Dave Seidel, an NASE Member, says that his son has always been a great organizer and motivator.

“He has an older brother for whom Ben would organize all his activities. Ben is very dedicated and quality-minded,” his father says. “It comes from the fact that he was given opportunities through being home-schooled until fifth grade to excel at whatever he did.”

Ben says he has to work constantly at being organized so that he can balance school and business and still enjoy a social life.

“I have a huge color-coded whiteboard in my bedroom,” says Ben. “I have business tasks that I need to get done, but I need to focus on school at the same time, and planning this way helps.”


Savvy Business Owner

When Ben launched SRADCO Web Design, he set his prices significantly lower than the prices competitors charged.

“I didn’t want someone to be scared off by my being a kid,” he says. “It was obvious with the first few clients that they expected some big firm, and in walks a teenager. They were asking how old I was. At times I think respect is associated with age. But now I use my age as a benefit. I’m high energy. I show clients that regardless of my age, I know what I’m talking about.”

Clients apparently agree.

They refer him to friends who need a business website. They also ask Ben about other aspects of running their businesses such as offline marketing and how to handle sales representatives.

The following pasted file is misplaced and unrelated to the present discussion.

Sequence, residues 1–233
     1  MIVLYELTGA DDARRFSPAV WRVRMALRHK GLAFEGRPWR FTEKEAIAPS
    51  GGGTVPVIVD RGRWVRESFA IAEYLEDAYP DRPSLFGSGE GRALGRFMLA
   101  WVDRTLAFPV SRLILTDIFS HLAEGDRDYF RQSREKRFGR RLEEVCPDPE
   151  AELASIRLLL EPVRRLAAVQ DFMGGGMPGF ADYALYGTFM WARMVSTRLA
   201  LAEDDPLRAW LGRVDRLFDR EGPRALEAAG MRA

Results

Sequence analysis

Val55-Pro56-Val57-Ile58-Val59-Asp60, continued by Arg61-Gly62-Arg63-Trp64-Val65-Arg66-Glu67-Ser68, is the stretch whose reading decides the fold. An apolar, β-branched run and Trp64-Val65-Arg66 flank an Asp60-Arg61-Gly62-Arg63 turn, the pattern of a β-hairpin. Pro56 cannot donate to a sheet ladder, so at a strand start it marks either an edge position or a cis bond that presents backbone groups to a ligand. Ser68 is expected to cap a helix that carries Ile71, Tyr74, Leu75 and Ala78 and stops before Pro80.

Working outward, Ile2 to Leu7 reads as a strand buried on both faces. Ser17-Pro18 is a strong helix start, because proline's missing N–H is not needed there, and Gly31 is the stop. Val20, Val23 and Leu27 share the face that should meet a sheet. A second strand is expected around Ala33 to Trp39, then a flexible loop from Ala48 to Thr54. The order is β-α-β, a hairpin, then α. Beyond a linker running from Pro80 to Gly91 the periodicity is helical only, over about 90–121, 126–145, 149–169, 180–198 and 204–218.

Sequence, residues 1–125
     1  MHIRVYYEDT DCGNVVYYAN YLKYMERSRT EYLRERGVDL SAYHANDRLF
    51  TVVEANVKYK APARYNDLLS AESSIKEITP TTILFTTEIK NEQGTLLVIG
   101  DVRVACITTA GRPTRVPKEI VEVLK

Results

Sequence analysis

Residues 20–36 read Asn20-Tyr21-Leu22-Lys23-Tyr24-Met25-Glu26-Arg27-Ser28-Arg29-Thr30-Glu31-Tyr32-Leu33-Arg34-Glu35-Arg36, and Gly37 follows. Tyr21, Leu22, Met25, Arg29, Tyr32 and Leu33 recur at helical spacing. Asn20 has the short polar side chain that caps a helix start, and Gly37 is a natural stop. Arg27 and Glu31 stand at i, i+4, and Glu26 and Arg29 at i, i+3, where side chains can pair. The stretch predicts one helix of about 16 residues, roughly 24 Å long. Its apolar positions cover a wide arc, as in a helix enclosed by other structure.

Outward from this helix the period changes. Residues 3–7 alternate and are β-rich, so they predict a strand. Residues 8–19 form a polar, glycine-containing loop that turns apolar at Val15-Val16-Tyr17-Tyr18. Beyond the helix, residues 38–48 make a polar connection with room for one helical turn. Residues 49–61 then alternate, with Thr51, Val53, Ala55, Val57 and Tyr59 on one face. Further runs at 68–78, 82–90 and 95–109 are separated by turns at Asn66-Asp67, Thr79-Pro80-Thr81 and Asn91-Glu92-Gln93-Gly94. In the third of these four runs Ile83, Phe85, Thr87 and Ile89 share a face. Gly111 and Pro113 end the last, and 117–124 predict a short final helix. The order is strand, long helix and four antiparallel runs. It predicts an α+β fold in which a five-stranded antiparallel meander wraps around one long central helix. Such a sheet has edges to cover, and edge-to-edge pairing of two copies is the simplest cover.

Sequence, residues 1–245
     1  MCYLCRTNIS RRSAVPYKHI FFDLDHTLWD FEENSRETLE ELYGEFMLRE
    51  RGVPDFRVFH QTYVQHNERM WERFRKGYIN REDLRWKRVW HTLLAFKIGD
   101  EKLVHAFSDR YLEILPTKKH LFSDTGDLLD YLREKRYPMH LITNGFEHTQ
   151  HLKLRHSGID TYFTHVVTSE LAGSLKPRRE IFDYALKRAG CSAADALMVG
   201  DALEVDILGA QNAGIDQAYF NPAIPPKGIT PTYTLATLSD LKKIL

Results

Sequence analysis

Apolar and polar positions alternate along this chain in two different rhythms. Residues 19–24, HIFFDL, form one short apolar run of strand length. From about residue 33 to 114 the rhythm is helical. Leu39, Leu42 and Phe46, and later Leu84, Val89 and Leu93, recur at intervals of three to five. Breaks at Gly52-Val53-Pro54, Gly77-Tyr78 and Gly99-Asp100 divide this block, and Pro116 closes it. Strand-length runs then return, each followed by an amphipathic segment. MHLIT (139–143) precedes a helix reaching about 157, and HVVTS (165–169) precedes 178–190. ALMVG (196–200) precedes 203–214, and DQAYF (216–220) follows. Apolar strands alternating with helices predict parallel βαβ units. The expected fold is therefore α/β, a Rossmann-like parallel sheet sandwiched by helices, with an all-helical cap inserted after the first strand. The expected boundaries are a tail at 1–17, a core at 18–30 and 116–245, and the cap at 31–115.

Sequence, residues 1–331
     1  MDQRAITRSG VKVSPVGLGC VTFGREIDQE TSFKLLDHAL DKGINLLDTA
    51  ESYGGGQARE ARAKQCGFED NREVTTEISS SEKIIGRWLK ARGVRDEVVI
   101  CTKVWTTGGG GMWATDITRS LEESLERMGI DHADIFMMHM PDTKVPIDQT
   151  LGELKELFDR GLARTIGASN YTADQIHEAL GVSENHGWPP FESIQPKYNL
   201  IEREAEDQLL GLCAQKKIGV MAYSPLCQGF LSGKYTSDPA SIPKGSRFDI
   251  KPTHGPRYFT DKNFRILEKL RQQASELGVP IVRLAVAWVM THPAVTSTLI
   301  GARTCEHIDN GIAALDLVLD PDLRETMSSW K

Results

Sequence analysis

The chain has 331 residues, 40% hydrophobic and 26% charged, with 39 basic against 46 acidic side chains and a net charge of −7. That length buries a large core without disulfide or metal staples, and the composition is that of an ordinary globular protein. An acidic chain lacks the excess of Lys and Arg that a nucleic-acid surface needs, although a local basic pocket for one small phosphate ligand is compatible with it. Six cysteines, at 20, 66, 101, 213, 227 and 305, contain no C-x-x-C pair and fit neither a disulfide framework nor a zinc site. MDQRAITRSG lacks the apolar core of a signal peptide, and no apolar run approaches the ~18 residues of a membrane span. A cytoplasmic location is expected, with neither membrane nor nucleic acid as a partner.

One of the most valuable and surprising lessons Ben has learned while building three companies is that it takes time—lots of time—to handle the people side of the work.

“If I have to deal with three or more people to get a project done, I add additional time [to the contract]. They want multiple renditions,” he explains. “The contracts have to be specific so they don’t keep making changes forever.”

He now describes his pricing as competitive, but with more services than other Web design firms provide. In fact, Ben is studying whether to separate his business from the SRADCO umbrella and is considering changing the name to emphasize that his business is a comprehensive marketing and technology company.

He expects to be running the company in a more expansive form long after he graduates from college in 2013.

“Ben is a great example of the type of young entrepreneur that the NASE Scholarship Program is designed to help,” says NASE President Kristie L. Arslan. “He excels as a student and as a business owner. We’re proud to be part of his success by presenting him with the 2011 NASE Future Entrepreneur Scholarship.”


Jan Norman is a freelance writer who covers entrepreneurship—at any age. Read her blog at jan.ocregister.com.


Learn More About NASE Scholarships

The award-winning NASE Scholarship Program is open to legal dependents of NASE Members, ages 16–24. To apply, students must be high school students or college undergraduates planning to enroll in college for the upcoming fall semester.

Get all of the details about the NASE Scholarship Program today. 

Just click here.

And mark your calendar! Applications for scholarships for the 2012–2013 academic year will be available on Jan. 1, 2012. 


NASE Gives $40,000 In College Scholarships

Read this article in PDF form here.

This year the NASE awarded a $4,000 scholarship to 10 deserving dependents of NASE Members. These students can use their scholarships to study any subject at the college of their choice.

“I know that families are struggling and making sacrifices so they can send their kids to college,” says NASE President Kristie L. Arslan. “I’m proud that the NASE can help these students pursue their dreams of a higher education. Congratulations to all of our scholarship recipients!”

2011 NASE Scholarship Recipients

Aaron Burns
Fredericksburg, Va.
Dependent of NASE Member Linda Burns

Taylor Demeter
Falls Church, Va.
Dependent of NASE Member Christian Demeter